Welcome to Waitomo Caves, a lovely little village on New Zealand’s North Island. Waitomo Caves is around 3 hours away by car from Auckland if you take the straight road. There are of course scenic routes to get here (e.g. via Raglan) that will easily make the journey from Auckland to Waitomo Caves a 6-hour drive. The word Waitomo comes from the Maori language; ‘wai’ means water and ‘tomo’ means doline or sinkhole. There are three main caves that you can visit in Waitomo Caves: the Waitomo Glowworm Cave, the Ruakuri and the Aranui cave.
Rather than just pleasantly walking and boating around in the Waitomo Glowworm Cave to see the beautiful cave systems with its glowing worms, we thought it’s more fun to do some caving and swimming in super cold water. So we had an early rise this morning to join the Abyss Caving Tour in the Ruakuri Cave. The tour takes around 5 hours in total of which you spent like 3.5 hours in the cave. Once you get to the cave entry and have done a little abseiling exercise, the fun begins. The Abyss Caving entry to the Ruakuri cave is an around 35m hole that is hidden behind trees. Around 10m down it gets quite tight and dark – the moment when you realise ‘yeah, that’s going to be fun’!
Once you arrive down in the cave you are in for cave tubing, whizzing down a flying fox, jumping into water, climbing up waterfalls and squeezing through little holes in the cave system. And, of course, you will see lots of glowing worms. Once you switch off your headlights, everything is 100% dark. You will not be able to see your own hand in front of your eyes. Also, everything is absolutely quiet. There is no noise except water depending where you are in the cave. That’s probably what I liked most – the peacefulness you experience 65m down in the underworld :)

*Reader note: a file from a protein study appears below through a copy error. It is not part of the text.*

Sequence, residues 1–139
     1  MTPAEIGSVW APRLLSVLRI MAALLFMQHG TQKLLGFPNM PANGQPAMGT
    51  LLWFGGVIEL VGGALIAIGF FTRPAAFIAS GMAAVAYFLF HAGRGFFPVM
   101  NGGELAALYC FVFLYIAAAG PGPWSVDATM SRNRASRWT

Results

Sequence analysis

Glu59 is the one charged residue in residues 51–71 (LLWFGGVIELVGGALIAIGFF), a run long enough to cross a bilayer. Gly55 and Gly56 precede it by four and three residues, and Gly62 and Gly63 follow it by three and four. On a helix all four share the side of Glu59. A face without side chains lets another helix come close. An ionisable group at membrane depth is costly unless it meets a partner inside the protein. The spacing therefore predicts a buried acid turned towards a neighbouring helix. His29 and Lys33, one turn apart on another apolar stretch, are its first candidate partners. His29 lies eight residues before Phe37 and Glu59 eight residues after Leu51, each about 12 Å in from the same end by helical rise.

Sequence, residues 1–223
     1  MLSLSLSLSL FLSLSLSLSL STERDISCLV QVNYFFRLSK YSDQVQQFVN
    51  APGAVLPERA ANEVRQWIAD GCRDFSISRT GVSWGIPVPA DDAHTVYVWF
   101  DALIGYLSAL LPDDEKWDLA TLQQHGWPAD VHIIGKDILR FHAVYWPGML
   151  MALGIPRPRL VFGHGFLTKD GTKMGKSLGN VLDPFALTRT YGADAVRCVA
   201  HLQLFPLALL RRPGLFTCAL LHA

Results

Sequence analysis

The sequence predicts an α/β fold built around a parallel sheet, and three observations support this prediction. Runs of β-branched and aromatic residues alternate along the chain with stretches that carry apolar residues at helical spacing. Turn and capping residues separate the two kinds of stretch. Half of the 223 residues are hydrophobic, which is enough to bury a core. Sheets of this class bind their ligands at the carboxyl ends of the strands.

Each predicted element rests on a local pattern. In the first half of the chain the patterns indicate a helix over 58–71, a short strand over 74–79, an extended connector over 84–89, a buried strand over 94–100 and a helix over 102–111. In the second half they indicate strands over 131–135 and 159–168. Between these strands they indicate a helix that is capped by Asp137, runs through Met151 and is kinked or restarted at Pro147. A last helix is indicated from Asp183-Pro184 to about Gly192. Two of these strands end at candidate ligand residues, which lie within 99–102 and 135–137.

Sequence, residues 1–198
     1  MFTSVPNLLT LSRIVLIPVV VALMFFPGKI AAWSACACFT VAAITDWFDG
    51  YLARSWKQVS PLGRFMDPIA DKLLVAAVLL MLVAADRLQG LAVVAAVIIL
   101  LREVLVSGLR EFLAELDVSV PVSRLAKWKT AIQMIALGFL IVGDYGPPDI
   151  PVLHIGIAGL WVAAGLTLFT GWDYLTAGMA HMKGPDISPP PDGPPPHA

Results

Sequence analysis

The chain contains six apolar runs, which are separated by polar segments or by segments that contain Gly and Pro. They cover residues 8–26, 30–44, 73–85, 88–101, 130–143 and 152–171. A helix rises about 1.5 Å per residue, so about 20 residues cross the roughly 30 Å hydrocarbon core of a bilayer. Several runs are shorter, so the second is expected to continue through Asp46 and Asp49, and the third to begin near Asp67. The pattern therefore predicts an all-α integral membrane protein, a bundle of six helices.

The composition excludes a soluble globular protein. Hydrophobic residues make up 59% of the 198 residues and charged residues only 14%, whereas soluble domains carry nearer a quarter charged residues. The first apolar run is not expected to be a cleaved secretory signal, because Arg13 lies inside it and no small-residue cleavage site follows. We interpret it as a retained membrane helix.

It’s all beginner level and relatively relaxed. If you don’t want to climb up somewhere or don’t feel like jumping into the water, the guides will adjust their tour accordingly. We joined all the activities they proposed which was fun and you get to do lots of different stuff. I wouldn’t have minded though to have done a bit more climbing into separate small cave systems and spent a bit less time in the cold water. Though you do get used to the 7-9 degrees after like 30mins.. Well, I guess I discovered a new hobby to keep an eye open for during the next vacations! Heard there are caves in the Dolomites where you can stay ‘overnight’ – noted down on my travel bucket list!